Dedicated to Prescilla
If you’re a regular reader of my blog you have most likely heard me refer to depression from time to time, namely, my personal journey with this heinous and insidious monster.
Many people find it taboo to discuss it openly, especially if it hits a bit too close to home. Shame and stigma are the calling cards of Mental Illness
(“Oh my God, what happens if someone I know reads my wife’s blog?”)
(“Why on earth would my daughter-in-law publicly embarrass me like this, OMG!”)
(“How can I distance myself, scrub this embarrassment from my social world?”)
Well, maybe they really pay me no mind and all of this is just a figment of my imagination, or maybe I’m cautiously reminded of words that bounced about the room, a finger pressed into my chest as I was taunted over how ridiculously embarrassing and cruel I…
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It was third grade.
The intercom crackled as the Principle fumbled with the mike, and then he spoke.
He said that the President of the United States had just been shot, and he asked us to pray for him.
I closed my eyes and bowed my head.
I looked up when I heard snickers.
Some of the children passed notes.
The teacher sat at her desk and calmly read.
No one else was praying.
Ten minutes later the principle announced that the President was dead. He sent us home. School was closed.
We marched out of class and our teacher helped us board the buses.
She put me on a bus with kids from 7th grade.
Some of them were as old as 14.
The driver pulled out and once the bus cleared the schoolyard he raised his voice in a chant: “Yay! The n—– lover is dead! Yay! The n—– lover is dead!”
The kids picked up the chant: They stomped their feet and clapped their hands and sang: “Yay! The n—– lover is dead! Yay!”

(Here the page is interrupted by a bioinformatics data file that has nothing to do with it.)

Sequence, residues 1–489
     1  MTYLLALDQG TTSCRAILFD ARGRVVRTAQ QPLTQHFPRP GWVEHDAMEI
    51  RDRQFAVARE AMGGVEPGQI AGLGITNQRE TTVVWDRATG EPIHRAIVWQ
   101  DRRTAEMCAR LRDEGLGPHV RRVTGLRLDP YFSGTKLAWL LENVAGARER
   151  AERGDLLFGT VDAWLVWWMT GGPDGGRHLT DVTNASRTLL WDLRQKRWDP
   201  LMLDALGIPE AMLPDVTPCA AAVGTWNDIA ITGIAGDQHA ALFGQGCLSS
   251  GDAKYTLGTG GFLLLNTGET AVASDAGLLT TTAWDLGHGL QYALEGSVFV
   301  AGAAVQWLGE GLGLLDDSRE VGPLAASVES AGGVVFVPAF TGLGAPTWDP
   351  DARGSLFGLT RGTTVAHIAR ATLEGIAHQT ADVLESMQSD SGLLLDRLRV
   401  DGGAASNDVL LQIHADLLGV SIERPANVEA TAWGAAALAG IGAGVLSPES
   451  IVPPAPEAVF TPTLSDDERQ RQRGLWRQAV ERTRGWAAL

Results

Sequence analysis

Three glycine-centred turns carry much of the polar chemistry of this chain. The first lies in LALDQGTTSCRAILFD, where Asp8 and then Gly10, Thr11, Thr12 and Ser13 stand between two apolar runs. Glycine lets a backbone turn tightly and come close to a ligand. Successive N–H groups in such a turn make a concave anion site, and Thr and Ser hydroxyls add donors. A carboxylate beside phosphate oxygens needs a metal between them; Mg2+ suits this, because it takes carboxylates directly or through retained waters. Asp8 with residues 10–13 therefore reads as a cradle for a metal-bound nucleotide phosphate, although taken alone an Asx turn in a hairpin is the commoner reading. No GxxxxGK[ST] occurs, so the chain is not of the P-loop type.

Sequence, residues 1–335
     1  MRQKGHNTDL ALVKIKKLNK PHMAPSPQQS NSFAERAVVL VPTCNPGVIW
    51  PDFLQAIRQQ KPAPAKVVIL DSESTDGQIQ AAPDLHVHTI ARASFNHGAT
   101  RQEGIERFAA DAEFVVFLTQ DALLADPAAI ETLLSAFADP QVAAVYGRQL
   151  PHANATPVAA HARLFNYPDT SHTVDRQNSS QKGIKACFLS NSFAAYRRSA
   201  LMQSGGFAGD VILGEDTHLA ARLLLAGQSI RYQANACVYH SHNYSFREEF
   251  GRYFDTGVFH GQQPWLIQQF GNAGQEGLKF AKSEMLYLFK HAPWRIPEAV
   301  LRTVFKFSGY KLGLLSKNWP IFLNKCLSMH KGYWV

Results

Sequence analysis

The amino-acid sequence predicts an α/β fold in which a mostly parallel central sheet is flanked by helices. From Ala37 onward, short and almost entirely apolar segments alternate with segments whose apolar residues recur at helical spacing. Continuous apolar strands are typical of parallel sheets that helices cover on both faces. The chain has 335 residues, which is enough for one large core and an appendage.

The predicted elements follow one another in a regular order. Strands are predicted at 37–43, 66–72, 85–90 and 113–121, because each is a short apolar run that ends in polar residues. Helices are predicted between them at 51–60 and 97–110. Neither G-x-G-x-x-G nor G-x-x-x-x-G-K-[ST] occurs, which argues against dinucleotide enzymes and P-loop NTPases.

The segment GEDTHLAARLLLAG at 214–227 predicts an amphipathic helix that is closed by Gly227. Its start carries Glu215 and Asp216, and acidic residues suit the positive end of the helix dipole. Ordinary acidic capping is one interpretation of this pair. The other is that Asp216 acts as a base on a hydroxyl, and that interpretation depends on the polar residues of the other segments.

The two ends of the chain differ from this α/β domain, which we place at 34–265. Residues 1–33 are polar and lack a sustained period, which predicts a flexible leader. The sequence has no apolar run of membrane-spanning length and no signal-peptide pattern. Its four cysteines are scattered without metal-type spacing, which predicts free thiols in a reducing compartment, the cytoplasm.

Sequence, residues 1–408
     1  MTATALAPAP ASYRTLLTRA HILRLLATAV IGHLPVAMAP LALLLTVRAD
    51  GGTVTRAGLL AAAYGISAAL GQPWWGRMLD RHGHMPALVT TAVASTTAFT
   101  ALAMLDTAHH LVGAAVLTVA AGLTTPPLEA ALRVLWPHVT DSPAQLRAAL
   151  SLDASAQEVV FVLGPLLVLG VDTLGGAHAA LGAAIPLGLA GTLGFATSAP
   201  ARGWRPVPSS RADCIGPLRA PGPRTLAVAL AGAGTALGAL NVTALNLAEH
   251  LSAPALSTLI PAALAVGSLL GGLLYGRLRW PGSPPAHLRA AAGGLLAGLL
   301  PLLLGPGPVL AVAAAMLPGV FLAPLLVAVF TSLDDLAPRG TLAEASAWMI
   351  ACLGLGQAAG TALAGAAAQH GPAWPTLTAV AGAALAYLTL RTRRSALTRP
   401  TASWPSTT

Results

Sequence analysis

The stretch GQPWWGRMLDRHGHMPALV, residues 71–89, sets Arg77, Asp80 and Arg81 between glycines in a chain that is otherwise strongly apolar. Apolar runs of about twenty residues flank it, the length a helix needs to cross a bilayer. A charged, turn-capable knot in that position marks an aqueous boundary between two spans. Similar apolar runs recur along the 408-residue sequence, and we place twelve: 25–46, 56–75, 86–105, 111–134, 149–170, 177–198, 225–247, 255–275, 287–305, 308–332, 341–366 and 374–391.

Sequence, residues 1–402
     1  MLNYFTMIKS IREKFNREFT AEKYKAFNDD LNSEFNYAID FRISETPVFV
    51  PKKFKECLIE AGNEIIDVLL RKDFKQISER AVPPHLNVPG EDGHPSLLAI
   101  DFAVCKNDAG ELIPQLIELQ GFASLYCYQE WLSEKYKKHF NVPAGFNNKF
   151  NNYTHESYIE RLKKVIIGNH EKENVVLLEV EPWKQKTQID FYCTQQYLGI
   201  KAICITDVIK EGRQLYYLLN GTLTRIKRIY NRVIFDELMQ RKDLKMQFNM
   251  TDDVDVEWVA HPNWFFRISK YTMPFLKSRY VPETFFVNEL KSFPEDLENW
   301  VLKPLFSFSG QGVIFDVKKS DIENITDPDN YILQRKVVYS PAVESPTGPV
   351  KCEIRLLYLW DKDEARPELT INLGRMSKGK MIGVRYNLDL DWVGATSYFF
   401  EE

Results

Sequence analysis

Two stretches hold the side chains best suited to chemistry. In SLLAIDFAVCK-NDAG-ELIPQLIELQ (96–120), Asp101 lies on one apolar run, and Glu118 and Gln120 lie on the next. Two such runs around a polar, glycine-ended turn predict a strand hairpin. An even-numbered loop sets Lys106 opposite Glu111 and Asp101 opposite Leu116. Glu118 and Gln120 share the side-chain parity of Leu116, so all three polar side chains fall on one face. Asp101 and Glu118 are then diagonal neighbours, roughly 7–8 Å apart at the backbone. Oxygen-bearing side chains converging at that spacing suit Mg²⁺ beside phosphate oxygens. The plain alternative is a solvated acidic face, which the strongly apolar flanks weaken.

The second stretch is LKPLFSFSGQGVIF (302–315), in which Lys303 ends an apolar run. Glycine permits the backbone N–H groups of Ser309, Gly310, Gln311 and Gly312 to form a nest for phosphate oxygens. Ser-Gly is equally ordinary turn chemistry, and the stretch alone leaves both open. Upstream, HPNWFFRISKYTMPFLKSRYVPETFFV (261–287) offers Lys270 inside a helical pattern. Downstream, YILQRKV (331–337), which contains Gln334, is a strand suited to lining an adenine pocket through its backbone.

I turned and watched out the window. The bus was slow. People came out of their houses and met with their neighbors. Some of them smiled. Some looked sad. Some laughed.
I had seen the President on TV.
He seemed like a nice man.
I felt sad.
A big kid grabbed me by the collar and asked me why I wasn’t chanting.
I was startled and didn’t answer.
“What’s wrong with you, boy? You a n—– lover?
The driver stopped for a red light. He said: “We ain’t keeping no n—– lovin’ babies on this bus! YOU A N—– LOVIN BABY?
The big kid shoved me back into the seat, two more joined him. He said: “You a n—— lover? Yes or no?
I didn’t answer.
I didn’t know what n—– lover was.
The words made no sense to me.
The kid that asked the question punched me hard in the stomach.
I saw that coming and ready and went numb.
I sat quietly and stared at the kid that punched me.
The kids grouped around me and repeated their chant as loud as they could. ”Yay! the n—– lover is dead! Yay! THE N—– LOVER IS DEAD! YAY!
Another big kid took out a pack of Winston’s and lit one. He said he was going to burn the n—–lover outta me.
He held the lit cigarette to my face. The boy behind him said: “Not the face, shithead! The arms!”
That was new.
I wasn’t prepared.
I felt the cigarette sear my arm.
I screamed and went blank.
I don’t remember anything after that.
“…In the final analysis, our most basic common link is that we all inhabit this small planet. We all breathe the same air. We all cherish our children’s future. And we are all mortal… But wherever we are, we must all, in our daily lives, live up to the age-old faith that peace and freedom walk together”.
John Fitzgerald Kennedy June 10, 1963